The observer/notifier system was introduced to give developers unprecedented access to core code, without the need to touch any core files at all. Although ostensibly written for an object-oriented code base, we will see later how it can be used with general procedural code as well.

Extending All Classes

In order to implement the observer/notifier system, some structural changes have been made to Zen Cart™. Firstly two new classes have been introduced: the base class (class.base.php) and the notifier class (class.notifier.php).

The base class contains the code that is used to implement the observer/notifier system. However to make it effective all other Zen Cart™ classes now have to be declared as children of the base class. You will see this if you look at the source of any of the Zen Cart™ classes.

  class currencies extends base {

The notifier class will be discussed later, when we look at extending the observer/notifier system (ONS) into procedural code.

Notifiers: Big Brother is watching

So, what is all the fuss about?

The point of the ONS is that developers can write code that wait for certain events to happen, and then when they do, have their own code executed.

So, how are events defined, where are they triggered?

Events are triggered by code added to the core for v1.3 (with more to be added over time). In any class that wants to notify of an event happening we have added:


An example would probably help here:

In the shopping cart class after an item has been added to the cart this event is triggered:


There are many other events that have notifiers in Zen Cart™ v1.3.0; for a list see here.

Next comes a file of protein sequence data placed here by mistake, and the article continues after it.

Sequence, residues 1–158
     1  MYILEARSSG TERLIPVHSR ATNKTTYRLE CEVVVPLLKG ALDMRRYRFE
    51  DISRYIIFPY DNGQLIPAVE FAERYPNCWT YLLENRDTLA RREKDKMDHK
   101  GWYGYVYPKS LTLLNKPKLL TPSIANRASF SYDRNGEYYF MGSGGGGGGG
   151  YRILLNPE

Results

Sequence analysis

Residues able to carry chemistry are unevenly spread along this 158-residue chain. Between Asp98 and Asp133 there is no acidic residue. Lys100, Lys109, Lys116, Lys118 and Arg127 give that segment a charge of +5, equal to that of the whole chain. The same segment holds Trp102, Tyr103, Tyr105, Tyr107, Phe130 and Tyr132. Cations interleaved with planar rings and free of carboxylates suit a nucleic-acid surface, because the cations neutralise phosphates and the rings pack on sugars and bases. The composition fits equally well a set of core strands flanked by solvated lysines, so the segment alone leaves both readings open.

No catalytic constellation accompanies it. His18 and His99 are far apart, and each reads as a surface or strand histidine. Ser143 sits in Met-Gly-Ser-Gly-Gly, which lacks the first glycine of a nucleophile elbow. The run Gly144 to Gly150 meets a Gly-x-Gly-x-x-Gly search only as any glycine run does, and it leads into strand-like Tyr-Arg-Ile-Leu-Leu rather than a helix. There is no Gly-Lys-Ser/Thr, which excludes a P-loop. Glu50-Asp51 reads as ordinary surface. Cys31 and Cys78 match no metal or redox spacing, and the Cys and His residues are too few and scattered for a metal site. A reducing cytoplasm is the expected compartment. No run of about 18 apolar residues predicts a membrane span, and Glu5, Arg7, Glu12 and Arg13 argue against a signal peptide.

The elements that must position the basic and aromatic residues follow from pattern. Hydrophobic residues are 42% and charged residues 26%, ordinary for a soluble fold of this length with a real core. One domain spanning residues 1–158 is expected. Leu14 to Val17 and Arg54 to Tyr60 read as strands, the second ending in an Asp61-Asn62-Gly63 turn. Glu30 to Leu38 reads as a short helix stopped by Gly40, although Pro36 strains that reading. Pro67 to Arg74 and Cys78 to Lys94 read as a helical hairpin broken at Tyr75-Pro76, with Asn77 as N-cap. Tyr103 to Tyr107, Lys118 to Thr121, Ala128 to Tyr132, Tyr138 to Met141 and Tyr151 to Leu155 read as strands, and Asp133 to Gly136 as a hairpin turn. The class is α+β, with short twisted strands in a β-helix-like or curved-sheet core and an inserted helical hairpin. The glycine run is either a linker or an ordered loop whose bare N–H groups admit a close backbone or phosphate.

All of this notifying is all well and good, but how does this help developers?

Observe and Prosper

To take advantage of notifiers, developers need to write some code to watch for them. Observers need to be written as a class. There's even a nice directory, includes/classes/observers, where developers can put these classes.

Lets take an example. Using the notifier mentioned above (NOTIFIER_CART_ADD_CART_END), how would I write a class that watched for that event?

 class myObserver extends base {
   function myObserver() {

As you can see we have defined a new class called myObserver and in the constructor function for that class (function myObserver) have attached this myObserver class to the event NOTIFIER_CART_ADD_CART_END.

"Fine," I hear you saying, "but how do I actually doing any thing useful?"

Ok, good question. Whenever an event occurs, the base class looks to see if any other observer class is watching that event. If it is, the base class executes a method in that observer class. Remember the $this->notify('EVENT_NAME') from above? Well, when that event occurs, the base class calls the update method of all observers. Lets see some more code:

 class myObserver extends base {
   function myObserver() {